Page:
Robert Drago

      Robert Drago is Director of Research at the Institute for Women’s Policy Research.

      Lyman Houghton 9:15am Jun 1
      I’m a male and I do not condone the submarine culture and I do not condone pro-nuke positions and I do not condone any flaming email.What argument you setting up? Do you really want me to list all the ways that women abuse men? Are you trying to make the case that women are better than men? Do you want me to say that Oh ok Drago’s male bashing is acceptable? (I won’t) Are you expecting to win something or make it better by bashing anyone?

      If that is what you want then I will not be working with you to shut down the nuclear power industry. I will work with others who value and appreciate and respect the individual. I will not work with people who project their anger on others, blaming innocent people.

      I don’t have time for this sexist gender-drama. And I won’t work with women or men who make destructive generalizations about each other and who talk just like the abusers they hate so much.

      Wow!  I’ll be happy to block your posts from now on, and I’m sure others will, too.  I can’t recall the last time anyone accused me of being sexist, misogynistic, or even merely prejudiced against anyone since none of those titles will stick. You’re so out of line.  I was complimenting you for your comments, you fool.  BTW my mom was the last person to interview Simone de Beauvoir, and I’m sure my poor dear mother is rolling in her grave to hear you bash me like that. But go ahead, get your rocks off that way, and by all means, let’s be in different movements from now on.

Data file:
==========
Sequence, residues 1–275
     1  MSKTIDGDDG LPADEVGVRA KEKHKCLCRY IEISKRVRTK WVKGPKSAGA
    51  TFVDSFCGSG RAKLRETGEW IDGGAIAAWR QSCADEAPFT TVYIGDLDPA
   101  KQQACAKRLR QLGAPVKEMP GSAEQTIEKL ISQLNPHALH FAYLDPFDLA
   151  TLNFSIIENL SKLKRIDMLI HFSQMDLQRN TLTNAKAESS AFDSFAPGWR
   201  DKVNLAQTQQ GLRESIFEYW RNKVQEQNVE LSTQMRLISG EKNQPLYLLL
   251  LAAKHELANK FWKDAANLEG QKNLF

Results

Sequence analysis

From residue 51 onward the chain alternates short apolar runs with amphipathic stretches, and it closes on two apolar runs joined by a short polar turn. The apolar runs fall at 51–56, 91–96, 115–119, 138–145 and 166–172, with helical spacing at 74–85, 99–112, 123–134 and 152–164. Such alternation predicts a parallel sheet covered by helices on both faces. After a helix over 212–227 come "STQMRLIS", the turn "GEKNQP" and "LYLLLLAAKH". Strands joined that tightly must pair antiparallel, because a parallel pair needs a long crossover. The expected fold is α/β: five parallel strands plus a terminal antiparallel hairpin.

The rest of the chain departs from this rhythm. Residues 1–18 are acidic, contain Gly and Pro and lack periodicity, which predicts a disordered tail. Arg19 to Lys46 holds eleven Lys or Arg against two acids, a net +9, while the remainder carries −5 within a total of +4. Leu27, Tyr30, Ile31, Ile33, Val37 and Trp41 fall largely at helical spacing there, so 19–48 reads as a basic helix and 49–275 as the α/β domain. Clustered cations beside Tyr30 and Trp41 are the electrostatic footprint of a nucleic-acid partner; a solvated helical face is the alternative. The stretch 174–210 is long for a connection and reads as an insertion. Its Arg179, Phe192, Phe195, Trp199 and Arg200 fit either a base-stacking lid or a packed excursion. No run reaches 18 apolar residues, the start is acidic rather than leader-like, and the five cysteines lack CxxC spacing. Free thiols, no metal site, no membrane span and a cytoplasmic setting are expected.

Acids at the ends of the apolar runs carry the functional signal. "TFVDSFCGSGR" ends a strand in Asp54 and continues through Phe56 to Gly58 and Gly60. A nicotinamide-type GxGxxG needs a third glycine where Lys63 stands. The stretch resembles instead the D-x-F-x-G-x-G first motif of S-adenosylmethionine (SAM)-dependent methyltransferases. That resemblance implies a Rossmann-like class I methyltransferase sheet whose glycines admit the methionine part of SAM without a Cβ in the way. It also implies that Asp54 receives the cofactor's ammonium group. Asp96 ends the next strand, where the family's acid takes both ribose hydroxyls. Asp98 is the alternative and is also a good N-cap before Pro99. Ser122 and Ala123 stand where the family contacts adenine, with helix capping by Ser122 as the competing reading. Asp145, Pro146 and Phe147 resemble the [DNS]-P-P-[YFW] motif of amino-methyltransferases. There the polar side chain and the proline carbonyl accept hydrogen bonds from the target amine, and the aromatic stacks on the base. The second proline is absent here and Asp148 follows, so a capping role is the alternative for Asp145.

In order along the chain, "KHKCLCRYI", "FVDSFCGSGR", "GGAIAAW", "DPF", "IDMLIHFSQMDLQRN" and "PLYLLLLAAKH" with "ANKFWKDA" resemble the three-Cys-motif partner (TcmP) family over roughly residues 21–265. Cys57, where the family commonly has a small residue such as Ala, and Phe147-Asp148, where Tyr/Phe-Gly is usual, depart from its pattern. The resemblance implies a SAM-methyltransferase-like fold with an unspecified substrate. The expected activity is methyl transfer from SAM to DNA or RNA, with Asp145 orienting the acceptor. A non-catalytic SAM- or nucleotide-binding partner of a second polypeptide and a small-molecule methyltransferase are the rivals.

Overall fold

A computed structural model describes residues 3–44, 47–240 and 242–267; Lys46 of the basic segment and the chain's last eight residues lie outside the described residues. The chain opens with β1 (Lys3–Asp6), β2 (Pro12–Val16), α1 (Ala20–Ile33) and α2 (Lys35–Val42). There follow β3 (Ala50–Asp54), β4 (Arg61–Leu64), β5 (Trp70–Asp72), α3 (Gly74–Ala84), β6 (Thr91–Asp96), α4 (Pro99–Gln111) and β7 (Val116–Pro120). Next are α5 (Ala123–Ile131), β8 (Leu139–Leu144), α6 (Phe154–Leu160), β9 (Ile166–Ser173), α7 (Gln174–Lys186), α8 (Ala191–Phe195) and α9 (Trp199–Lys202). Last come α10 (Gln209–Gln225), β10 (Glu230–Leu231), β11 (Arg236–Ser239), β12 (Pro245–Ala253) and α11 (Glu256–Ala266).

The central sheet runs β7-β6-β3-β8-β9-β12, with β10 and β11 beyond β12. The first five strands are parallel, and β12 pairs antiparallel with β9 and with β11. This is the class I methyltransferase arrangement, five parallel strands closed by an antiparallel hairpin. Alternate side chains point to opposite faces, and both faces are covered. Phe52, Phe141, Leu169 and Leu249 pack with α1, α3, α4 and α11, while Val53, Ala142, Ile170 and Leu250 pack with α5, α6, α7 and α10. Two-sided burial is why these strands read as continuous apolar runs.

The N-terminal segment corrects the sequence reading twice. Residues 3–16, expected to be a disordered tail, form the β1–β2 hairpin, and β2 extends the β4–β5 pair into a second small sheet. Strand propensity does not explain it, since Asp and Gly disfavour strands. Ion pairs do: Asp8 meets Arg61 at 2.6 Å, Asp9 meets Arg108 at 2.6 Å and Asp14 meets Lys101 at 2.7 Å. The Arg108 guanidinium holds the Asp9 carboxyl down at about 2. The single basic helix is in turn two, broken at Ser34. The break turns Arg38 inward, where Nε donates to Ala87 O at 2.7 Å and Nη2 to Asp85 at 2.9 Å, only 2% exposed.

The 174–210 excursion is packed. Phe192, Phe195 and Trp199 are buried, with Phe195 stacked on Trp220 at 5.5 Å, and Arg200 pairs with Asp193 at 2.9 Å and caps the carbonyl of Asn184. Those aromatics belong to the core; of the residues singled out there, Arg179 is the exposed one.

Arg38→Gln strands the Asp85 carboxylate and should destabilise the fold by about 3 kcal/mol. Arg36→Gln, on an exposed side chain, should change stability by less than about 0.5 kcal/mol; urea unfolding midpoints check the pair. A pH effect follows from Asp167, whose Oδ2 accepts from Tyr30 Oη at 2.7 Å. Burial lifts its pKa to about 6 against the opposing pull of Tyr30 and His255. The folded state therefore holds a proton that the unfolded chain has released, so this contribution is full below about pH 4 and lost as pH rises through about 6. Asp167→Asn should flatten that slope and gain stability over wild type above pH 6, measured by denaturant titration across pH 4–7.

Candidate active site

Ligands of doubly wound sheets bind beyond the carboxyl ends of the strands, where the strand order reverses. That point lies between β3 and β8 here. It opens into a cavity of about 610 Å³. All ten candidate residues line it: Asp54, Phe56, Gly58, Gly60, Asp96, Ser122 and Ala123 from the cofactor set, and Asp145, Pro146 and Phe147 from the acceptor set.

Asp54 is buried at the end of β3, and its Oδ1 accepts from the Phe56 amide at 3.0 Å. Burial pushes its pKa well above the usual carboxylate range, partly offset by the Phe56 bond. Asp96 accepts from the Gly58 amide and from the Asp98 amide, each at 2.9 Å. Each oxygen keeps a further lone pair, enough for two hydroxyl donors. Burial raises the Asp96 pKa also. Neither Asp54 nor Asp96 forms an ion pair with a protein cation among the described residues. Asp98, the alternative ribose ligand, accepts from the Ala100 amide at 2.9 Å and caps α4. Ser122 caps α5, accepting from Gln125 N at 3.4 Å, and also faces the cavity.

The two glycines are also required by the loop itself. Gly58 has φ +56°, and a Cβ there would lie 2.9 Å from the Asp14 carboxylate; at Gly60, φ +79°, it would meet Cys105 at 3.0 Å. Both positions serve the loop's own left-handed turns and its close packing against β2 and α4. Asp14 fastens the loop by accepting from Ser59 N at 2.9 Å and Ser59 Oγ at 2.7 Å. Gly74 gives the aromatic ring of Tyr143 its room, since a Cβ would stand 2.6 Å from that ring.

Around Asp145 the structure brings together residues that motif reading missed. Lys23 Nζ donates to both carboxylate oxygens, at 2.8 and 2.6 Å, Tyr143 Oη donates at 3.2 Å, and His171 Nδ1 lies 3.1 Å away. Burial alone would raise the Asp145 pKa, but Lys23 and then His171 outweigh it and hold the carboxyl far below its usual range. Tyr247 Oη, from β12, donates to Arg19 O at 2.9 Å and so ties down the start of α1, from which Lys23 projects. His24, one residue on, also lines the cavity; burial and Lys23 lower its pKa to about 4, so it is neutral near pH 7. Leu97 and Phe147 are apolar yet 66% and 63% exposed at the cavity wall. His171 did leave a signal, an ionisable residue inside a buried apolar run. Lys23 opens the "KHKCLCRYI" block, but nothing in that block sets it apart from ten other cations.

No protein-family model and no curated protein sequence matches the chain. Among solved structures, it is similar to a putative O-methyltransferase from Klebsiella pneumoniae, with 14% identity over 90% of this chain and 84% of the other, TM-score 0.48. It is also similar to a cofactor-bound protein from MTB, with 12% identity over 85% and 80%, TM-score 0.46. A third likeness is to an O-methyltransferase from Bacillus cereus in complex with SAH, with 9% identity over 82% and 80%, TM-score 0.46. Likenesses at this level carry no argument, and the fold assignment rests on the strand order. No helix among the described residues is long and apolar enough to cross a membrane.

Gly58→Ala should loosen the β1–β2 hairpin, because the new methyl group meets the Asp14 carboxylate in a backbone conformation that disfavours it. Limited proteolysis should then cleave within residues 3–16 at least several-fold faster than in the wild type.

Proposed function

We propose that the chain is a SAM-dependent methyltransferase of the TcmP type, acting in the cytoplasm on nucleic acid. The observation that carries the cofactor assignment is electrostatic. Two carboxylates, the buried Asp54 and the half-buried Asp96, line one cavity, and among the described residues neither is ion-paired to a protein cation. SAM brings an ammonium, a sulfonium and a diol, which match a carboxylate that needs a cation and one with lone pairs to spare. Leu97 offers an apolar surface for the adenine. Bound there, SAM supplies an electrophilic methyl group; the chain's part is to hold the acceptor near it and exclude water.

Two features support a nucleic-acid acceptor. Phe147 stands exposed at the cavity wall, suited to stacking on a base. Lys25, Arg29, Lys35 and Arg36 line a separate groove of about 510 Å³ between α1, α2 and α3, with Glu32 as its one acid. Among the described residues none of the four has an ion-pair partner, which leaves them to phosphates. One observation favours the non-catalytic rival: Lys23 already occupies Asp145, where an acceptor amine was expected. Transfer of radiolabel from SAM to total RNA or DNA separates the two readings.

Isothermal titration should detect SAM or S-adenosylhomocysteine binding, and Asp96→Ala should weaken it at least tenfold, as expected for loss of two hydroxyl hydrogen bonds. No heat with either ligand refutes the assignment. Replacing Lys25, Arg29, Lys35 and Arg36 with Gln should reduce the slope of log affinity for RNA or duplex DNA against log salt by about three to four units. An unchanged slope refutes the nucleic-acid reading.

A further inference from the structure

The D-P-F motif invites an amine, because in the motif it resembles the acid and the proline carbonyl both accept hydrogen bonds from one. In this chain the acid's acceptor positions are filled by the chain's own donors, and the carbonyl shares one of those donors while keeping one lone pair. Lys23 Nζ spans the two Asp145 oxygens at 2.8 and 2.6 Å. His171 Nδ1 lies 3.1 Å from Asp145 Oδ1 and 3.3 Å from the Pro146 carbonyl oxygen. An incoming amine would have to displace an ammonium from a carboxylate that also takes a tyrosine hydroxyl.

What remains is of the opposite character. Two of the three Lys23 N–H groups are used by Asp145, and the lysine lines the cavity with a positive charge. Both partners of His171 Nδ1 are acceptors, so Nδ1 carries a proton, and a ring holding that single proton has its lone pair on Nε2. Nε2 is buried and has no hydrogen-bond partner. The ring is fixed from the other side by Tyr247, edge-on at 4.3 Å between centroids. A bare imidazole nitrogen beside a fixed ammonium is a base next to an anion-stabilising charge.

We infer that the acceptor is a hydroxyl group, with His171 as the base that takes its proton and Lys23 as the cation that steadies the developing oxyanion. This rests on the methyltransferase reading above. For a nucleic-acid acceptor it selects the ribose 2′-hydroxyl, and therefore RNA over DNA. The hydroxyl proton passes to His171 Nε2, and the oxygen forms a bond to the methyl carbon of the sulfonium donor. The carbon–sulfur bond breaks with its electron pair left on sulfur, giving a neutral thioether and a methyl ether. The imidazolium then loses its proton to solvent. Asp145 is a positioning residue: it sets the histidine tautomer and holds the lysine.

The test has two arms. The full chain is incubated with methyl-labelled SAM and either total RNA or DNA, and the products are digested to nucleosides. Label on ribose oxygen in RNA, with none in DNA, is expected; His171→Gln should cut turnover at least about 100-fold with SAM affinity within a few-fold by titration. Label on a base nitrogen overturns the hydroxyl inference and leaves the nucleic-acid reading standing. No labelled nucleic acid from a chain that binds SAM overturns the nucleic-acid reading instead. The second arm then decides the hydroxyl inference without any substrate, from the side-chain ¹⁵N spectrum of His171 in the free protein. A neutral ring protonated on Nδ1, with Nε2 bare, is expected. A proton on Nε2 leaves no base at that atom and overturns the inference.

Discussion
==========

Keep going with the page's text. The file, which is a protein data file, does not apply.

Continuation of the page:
…and with that, of course, I blocked him.

About acehoffman

Computer programmer, author, nuclear investigator, animator, videographer... Also visit my YouTube Channel! or my business web site:
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One Response to Is “The Gender of Nuclear Disaster” a biased article?

  1. Tim Seitz says:

    Anyone recall retired Admiral Hyman Rickover’s speech about nuclear power?